"Now, I've cut taxes for those who need it— middle-class families and small businesses. But I don't believe that another round of tax breaks for millionaires will bring good jobs to our shores, or pay down our deficit. I don't believe that firing teachers or kicking students off financial aid will grow the economy, or help us compete with the scientists and engineers coming out of China. After all that we've been through, I don't believe that rolling back regulations on Wall Street will help the small businesswoman expand, or the laid-off construction worker keep his home. We've been there, we've tried that, and we're not going back. We're moving forward.
"But know this, America: Our problems can be solved. Our challenges can be met. The path we offer may be harder, but it leads to a better place. And I'm asking you to choose that future. I'm asking you to rally around a set of goals for your country— goals in manufacturing, energy, education, national security, and the deficit; a real, achievable plan that will lead to new jobs, more opportunity, and rebuild this economy on a stronger foundation. That's what we can do in the next four years, and that's why I'm running for a second term as president of the United States.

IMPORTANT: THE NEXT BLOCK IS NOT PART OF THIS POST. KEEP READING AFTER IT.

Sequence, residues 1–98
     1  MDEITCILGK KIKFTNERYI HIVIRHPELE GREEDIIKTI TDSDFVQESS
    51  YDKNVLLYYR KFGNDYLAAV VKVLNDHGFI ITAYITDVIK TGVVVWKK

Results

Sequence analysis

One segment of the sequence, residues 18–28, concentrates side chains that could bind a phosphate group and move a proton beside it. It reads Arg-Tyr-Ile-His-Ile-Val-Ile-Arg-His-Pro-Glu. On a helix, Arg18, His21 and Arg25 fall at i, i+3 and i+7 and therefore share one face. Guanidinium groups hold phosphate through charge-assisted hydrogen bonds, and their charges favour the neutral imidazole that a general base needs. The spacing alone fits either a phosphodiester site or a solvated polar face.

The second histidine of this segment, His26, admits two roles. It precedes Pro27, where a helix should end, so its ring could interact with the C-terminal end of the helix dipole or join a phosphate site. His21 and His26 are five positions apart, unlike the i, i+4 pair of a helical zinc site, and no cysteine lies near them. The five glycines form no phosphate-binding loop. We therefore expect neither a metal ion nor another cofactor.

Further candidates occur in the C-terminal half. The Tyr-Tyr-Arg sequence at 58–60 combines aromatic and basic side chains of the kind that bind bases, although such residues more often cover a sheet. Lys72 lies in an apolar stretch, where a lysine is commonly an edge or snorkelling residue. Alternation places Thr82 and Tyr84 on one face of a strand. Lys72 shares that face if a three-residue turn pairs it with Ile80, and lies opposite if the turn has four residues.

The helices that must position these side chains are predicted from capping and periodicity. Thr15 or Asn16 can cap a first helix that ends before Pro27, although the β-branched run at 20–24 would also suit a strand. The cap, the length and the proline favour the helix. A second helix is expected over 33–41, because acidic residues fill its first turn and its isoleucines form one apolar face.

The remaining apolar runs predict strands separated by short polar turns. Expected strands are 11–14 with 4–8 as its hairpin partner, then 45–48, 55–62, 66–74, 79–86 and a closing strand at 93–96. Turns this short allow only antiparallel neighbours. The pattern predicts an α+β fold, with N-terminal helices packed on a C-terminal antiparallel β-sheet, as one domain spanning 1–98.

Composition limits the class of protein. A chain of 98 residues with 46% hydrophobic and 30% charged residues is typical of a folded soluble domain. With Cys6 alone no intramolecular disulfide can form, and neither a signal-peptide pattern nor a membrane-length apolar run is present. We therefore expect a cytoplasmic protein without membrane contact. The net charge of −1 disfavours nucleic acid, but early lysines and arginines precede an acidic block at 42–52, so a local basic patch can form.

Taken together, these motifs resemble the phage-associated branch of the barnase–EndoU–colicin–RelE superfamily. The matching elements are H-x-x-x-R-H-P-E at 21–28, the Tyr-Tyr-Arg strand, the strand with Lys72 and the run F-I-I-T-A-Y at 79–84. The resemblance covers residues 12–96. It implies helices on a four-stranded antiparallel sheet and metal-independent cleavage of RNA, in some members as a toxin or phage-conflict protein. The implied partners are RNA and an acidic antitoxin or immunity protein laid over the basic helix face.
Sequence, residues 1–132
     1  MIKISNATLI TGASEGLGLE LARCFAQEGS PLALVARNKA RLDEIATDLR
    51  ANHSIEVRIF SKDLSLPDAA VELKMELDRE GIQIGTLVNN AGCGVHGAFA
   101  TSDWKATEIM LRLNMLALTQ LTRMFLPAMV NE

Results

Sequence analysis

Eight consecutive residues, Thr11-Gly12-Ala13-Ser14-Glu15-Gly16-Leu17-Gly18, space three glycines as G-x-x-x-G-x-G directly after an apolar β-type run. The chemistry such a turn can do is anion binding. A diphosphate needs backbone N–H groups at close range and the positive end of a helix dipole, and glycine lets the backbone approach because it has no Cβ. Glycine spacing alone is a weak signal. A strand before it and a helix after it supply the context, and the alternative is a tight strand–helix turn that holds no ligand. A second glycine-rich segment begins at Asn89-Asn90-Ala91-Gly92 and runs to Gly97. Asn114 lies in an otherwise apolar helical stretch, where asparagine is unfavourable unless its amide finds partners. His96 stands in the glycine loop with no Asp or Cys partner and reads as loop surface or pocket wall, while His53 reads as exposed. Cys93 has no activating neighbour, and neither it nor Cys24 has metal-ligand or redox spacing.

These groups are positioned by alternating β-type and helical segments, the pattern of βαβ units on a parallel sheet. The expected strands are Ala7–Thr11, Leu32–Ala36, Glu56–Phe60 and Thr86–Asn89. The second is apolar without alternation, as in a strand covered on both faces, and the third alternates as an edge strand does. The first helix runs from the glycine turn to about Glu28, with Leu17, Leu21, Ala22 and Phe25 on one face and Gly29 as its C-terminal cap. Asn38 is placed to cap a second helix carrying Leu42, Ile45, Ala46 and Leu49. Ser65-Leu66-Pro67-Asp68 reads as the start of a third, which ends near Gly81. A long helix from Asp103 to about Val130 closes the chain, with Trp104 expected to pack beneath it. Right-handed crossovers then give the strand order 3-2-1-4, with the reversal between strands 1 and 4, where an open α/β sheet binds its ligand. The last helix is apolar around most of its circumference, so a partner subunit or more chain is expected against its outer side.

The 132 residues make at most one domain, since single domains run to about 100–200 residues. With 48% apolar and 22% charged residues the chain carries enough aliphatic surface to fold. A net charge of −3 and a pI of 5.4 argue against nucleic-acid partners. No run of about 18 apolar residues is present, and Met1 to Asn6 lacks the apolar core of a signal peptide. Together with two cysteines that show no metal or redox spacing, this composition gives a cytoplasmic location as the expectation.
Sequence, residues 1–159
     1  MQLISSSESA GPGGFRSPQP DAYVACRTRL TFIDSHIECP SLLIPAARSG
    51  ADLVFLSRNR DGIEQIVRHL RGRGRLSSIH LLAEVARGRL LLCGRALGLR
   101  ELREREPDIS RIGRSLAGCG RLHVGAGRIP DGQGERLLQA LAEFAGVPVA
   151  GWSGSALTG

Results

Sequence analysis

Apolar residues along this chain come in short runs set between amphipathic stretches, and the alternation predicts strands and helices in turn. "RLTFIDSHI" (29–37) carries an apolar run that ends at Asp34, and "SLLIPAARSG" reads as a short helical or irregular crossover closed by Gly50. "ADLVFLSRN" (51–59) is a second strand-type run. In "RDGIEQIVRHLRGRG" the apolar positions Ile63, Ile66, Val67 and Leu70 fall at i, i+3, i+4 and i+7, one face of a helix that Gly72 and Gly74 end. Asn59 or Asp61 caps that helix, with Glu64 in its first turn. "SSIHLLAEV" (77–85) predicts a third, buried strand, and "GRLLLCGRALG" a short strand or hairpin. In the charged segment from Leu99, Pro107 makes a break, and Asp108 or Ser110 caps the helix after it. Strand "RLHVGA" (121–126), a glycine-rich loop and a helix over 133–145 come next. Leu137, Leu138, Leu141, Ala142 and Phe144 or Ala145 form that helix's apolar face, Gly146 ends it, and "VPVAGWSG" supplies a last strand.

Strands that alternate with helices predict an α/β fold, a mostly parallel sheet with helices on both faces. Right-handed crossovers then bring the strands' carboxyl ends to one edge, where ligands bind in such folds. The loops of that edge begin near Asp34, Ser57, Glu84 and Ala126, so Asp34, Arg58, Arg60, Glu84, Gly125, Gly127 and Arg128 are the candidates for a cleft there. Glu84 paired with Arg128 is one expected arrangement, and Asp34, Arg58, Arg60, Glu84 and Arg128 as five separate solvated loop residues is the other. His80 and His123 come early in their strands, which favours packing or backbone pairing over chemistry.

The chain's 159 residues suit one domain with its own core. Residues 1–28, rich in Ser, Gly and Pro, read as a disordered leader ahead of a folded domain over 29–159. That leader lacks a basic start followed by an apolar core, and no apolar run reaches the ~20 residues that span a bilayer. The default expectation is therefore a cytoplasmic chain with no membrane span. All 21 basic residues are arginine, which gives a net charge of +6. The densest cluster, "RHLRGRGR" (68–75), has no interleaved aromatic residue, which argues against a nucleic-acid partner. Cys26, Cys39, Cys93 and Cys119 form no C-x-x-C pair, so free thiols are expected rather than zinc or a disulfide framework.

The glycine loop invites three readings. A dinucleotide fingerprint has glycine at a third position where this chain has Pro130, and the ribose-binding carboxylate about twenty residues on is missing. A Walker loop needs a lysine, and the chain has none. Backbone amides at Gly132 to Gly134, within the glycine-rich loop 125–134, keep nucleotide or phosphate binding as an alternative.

"After a decade of decline, this country created over half a million manufacturing jobs in the last two and a half years. And now you have a choice: we can give more tax breaks to corporations that ship jobs overseas, or we can start rewarding companies that open new plants and train new workers and create new jobs here, in the United States of America. We can help big factories and small businesses double their exports, and if we choose this path, we can create a million new manufacturing jobs in the next four years. You can make that happen. You can choose that future.